One thing that sets Driftwood Press apart from the crowd of literary magazines is that following each piece of writing is a quick ‘interview’ with the writer, asking about inspiration for the piece and the writer’s creative process. A few writers get asked what drew them to the magazine, and the resounding answer seems to be the cover art. So go ahead, judge the book by its beautiful cover; the writing inside is just as pleasing.
One writer who agrees is Jillian Briglia, who contributes the poem “Insomniac’s Eulogy to the Moon.” With a young girl’s imagination, the narrator keeps a suitcase by her bed, only half asleep as she plans escape routes in case of “fires floods earthquakes pirates.” But later in life, this backfires as insomnia ensues: “alarm blinks red every six and half breaths and the dancing shadows are a folded page I can’t help turning to and I think what if what if what if I could fall . . . ”
Matt Kolbet’s “The Comfort” made me pause in the middle of the journal, giving myself a moment to just relax and digest what I’d read as the message in the poem is to take the time to ignore the question, “What now?” It begins with the perfectly crafted lines, “After brunch she binge watches / the clouds, ignoring the fruit salad / as oxygen brown-rusts the uneaten // bananas . . .” And while we often associate “binge watching” with lazing on the couch with Netflix, this refers to binging on day-dreaming, of being creative, a phrase we could all remind ourselves of sometimes.
Mark Farrell’s “New Flat” about a woman writer who, while on her way to work, gets stabbed by a naked child with a knife, takes a turn you wouldn’t expect. It carries intrigue. Joe Nicholas’s poem is quite humorous, beginning, “My bloodhound overhears me say that GOD is DOG backwards. He begins walking ass-first wherever he goes.”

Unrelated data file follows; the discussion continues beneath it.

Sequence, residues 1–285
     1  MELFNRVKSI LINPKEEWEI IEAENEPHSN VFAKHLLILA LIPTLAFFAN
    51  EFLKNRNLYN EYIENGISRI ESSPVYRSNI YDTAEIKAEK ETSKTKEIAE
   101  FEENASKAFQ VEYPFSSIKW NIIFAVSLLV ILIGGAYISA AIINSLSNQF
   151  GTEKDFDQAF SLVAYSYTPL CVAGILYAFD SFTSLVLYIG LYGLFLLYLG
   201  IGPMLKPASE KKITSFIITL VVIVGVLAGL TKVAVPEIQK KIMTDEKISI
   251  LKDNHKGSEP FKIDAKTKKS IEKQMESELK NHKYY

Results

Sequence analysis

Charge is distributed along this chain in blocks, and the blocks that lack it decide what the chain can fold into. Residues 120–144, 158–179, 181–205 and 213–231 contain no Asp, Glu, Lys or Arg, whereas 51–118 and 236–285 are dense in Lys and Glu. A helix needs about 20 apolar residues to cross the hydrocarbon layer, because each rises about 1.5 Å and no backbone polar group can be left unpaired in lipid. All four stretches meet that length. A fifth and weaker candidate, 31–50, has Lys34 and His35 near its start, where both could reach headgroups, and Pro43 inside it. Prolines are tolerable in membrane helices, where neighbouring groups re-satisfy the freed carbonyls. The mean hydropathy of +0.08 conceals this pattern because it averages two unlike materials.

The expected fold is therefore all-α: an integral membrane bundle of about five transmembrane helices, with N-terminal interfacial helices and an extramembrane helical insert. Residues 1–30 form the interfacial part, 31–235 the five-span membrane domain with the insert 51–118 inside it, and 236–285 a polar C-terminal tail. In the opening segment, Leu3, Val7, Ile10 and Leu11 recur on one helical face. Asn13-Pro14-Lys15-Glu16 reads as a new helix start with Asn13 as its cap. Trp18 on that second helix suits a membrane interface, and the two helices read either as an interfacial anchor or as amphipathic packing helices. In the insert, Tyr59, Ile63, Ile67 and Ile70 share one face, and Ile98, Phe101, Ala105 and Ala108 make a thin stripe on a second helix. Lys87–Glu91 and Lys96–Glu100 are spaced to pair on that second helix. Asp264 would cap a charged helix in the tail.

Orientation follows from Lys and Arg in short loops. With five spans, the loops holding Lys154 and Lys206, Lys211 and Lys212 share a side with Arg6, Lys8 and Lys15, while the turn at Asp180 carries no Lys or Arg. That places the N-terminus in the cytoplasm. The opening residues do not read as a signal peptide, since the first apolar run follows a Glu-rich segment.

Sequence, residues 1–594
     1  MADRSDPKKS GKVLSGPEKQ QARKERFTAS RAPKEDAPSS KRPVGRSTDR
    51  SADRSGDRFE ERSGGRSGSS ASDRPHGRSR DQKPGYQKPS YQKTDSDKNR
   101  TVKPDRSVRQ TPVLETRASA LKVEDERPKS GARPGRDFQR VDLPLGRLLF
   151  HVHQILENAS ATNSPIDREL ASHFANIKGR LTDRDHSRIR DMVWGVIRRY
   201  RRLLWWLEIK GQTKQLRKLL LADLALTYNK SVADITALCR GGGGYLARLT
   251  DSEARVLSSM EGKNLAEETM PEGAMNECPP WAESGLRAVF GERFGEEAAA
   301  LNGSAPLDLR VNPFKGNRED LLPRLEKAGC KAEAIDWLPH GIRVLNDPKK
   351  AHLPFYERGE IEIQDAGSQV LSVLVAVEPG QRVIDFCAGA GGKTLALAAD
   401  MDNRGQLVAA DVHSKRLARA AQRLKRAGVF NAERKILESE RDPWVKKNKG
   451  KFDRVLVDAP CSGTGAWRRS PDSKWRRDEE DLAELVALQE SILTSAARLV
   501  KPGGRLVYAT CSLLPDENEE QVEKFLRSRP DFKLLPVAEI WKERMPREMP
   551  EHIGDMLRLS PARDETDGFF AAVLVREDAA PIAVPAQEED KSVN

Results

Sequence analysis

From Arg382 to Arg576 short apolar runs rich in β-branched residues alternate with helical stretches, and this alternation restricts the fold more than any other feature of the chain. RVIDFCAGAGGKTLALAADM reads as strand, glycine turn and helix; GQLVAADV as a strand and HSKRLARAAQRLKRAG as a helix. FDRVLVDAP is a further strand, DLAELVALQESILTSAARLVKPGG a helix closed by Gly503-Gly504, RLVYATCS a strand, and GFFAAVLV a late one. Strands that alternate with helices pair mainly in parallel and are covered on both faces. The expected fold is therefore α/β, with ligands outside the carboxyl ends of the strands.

But the issue isn’t all poetry; there’s also some longer fiction pieces, an essay, and more artwork by the cover artist. I found Nathaniel Myers’s fiction piece to be particularly worth the read. About a relationship between two life-long friends (who lead very different lives), “Flotsam and Jetsam” tells the tale of how Kyle gets woken one more morning by a phone call from Oyster, who is high and in need of help, not sure where he is. Spoiler: he is parked on the beach, his truck a few feet already in the water of the high tide.
In Michael X. Wang’s “The Unrecognizable Men,” three men begin to have an appearance that nobody else seems to be able to explain or remember (‘unrecognizable’). Almost speculative in a way, it harbors on the ideas of fitting in and getting lost in a crowd. People “want to be ‘cool,’ like the kid in the story, and coolness relates to ‘unrecognizability,’ being able to blend in, although nobody really thinks of coolness in this way,” Wang writes in a response to his piece.
The interviews that accompany each piece (as opposed to just a select few) really make this journal stand out. It’s great insight into the inspiration and also serves as a way to learn more about writing. Driftwood Press is a fantastic journal for readers and writers alike.